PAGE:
Both the government and private sectors are placing increased emphasis on linking payments for health care services to the level of quality of those services.
In July, the Centers for Medicare & Medicaid Services (CMS) issued a proposed rule to add 28 new individual measures to the Physician Quality Reporting System (PQRS) - a program that is required by the Affordable Care Act. At the same time, CMS plans to remove 73 measures from the reporting system, leaving a total of 240 individual measures.
Generally, physicians who see Medicare patients are required to report only nine measures in three of six quality group domains. The six quality domains, which reflect the Department of Health and Human Services’ priorities for health care quality improvement, are:
CMS accepted comments on the proposed rule until September. The rule is expected to be finalized in November and take effect Jan. 1, 2015.
In the initial phase of the program, the focus is on reporting of data. Physicians who report the required data will receive 100 percent of the allowed amounts of Medicare reimbursements and are eligible for an additional incentive payment equal to 0.5 percent of allowed charges. Physicians (or physician groups) that do not satisfactorily report data in 2014 will have a 2 percent downward adjustment in reimbursement rates for 2016.
In future years, penalties will be imposed for not meeting quality guidelines. In 2017, the penalties (referred to in the regulations as "value-based payment modifier adjustments") will increase to 4 percent.
The quality indicators, including measure sets for different specialties, are available at cms.gov (search "measure codes").
In addition to modifying quality measures for physicians, CMS has increased the number of quality measures for Accountable Care Organizations (ACOs) from 33 to 37. The focus of the new ACO quality measures will include: avoidable hospital admissions for patients with multiple chronic conditions, heart failure and diabetes, depression remission and readmissions to skilled nursing facilities.
Improved coordination of care is one of the goals of the Medicare system. To that end, CMS plans to make separate payments to providers for non-face-to-face services for Medicare beneficiaries with two or more significant chronic conditions. The chronic care management services include communication with other treating health care professionals, revision of care plans and medication management.
Under the proposal, beginning in 2015, payments for such services by a physician’s office would be approximately $42 and could be billed no more than once per month per patient. Beginning in 2016, Medicare will pay more for telehealth services in order to promote care in rural areas.
CMS also is making close to $1 billion in grants to states to promote innovations in health care delivery. In Maine, for example, CMS will pay $33 million for a 42-month program that will include development of multi-payer ACOs and increased alignment between primary care, public health, mental health and long-term care. The funding also will cover enhancements of data analytic structures and transparency of quality reports.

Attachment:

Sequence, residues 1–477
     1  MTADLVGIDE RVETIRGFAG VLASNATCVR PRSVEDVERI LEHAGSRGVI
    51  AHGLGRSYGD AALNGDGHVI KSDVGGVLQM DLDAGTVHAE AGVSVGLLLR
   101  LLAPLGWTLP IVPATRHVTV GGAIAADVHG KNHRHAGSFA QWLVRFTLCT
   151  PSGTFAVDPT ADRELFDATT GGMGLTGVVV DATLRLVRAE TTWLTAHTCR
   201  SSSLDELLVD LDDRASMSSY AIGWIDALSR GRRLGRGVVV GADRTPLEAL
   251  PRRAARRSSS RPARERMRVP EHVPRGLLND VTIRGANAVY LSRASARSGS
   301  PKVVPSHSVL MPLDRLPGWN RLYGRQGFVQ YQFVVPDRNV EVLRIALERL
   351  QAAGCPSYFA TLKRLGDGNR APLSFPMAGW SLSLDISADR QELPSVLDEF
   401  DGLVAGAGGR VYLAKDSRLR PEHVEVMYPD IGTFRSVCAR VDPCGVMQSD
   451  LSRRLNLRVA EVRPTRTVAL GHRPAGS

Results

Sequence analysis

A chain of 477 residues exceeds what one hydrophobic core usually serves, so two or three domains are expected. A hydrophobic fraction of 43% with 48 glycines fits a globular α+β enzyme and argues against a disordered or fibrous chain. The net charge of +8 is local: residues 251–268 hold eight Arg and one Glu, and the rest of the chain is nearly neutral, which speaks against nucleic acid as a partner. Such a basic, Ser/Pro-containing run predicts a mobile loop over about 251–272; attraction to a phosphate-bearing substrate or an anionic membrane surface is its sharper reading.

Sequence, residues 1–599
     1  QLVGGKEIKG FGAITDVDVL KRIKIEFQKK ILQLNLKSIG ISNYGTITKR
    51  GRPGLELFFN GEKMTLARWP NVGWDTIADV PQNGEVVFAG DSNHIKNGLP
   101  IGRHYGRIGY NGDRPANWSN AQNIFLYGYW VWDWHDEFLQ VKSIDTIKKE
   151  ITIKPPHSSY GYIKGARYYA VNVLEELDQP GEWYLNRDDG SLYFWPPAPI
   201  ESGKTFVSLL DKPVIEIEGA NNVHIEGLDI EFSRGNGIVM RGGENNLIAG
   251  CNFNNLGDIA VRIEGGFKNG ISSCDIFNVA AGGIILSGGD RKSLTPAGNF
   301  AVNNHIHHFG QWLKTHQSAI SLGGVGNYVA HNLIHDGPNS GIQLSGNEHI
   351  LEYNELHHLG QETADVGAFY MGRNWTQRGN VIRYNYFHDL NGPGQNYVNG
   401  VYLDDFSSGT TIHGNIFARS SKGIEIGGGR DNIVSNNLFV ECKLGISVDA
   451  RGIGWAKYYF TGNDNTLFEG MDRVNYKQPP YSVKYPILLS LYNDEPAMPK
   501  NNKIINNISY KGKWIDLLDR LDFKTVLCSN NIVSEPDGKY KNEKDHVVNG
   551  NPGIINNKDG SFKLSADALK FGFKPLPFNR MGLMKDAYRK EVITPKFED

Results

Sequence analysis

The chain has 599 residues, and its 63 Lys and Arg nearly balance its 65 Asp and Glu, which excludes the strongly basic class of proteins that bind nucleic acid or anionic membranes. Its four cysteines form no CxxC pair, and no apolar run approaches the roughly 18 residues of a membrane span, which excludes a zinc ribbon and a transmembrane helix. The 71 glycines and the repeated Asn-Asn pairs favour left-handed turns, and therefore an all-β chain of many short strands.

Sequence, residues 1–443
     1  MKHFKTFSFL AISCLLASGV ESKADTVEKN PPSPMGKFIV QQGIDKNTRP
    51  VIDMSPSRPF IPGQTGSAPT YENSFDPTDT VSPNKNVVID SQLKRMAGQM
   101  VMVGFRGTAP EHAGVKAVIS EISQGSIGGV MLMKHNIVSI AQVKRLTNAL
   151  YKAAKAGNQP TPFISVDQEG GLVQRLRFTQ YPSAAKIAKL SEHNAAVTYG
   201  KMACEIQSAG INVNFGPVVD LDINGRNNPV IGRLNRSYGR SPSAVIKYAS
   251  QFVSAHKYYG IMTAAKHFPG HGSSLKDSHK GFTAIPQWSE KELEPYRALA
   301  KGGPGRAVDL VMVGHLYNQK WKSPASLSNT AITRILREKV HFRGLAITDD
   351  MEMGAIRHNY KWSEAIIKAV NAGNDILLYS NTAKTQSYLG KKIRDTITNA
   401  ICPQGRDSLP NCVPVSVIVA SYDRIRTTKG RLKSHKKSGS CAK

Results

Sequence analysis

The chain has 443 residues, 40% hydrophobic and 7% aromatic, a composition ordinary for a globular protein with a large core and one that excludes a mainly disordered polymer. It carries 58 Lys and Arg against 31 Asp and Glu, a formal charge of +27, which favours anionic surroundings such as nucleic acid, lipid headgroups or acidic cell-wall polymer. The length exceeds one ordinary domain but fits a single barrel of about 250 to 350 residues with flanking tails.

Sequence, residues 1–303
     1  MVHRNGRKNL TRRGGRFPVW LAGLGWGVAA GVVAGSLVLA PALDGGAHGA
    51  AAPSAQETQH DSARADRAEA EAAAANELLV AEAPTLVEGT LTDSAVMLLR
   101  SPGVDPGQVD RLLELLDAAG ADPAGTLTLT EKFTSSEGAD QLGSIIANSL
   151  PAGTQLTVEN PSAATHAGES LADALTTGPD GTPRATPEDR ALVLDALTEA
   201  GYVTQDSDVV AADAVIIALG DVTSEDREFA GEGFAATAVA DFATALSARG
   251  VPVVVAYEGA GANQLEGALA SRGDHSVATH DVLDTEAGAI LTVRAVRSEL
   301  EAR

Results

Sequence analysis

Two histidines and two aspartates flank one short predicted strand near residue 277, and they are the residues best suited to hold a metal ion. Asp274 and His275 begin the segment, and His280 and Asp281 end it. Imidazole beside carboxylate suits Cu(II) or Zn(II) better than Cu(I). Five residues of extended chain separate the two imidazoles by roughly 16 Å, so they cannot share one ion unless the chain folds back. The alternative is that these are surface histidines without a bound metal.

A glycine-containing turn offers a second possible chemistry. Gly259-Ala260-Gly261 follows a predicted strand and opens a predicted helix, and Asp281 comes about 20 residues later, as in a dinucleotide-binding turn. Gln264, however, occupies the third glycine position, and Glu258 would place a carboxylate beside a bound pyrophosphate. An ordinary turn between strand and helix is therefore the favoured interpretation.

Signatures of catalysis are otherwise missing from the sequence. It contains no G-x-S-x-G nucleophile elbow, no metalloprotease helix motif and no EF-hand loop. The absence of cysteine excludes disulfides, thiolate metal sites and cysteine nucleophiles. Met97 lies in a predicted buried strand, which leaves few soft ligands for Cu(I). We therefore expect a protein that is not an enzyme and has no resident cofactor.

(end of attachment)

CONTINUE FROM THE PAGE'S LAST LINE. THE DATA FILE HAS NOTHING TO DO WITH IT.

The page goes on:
Blue Cross and Blue Shield companies (of which there are 37) are spending $65 billion per year in programs that provide incentives for better health outcomes. That represents approximately one out of five medical claim dollars paid by Blue Cross.
Blue Cross cites studies that report that 30 percent of health care expenditures goes to care that is ineffective or redundant. Through its incentive program, Blue Cross seeks to reduce that amount. The companies report success in lowering infection rates, lowering unnecessary emergency room visits, and reducing hospital stays.
Like the federal government, Blue Cross seeks to promote coordinated care. CareFirst, Blue Cross’s Patient-Centered Medical Home program, pays providers a 12 percent increase in the fee schedule in exchange for the added efforts and time spent coordinating care, particularly for the sickest patients.
A controversy in the pay-for-performance movement is the degree to which socioeconomic factors should be considered in setting payments. Persons with low income, low education, and persons in some racial groups often have more negative outcomes. Physicians and hospitals that treat such populations may be financially penalized by the use of traditional across-the-board quality measures.
The National Quality Forum, which evaluates quality measures for the Medicare system, issued a draft report advocating consideration of what it terms "sociodemographic factors." The forum said that not adjusting for sociodemographic factors "could lead to greater disparities in care, due to disadvantaged populations losing access to care as providers become more hesitant to treat them."
On the other hand, some comments submitted about the report objected to the use of sociodemographic factors, arguing that they could lead to different - and inferior - standards of care for certain population groups. CMS will consider the report in its future rule-making.
In another development, CMS announced that payments to physicians for Medicare services will be cut by 20.9 percent on April 1, 2015, if Congress does not intervene. This is the result of a 1997 law that contains the Sustainable Growth Rate formula. Nearly everyone in Congress agrees the formula does not work and should be replaced, but Congress has not reached agreement on how.
In the mean time, for each of the last 11 years, Congress has passed temporary measures that suspended payment cuts and usually provided a moderate increase in payments for physicians. The same thing is likely to happen in 2015 unless Congress enacts a permanent fix.
Jeff Atkinson teaches health care law at DePaul University College of Law in Chicago.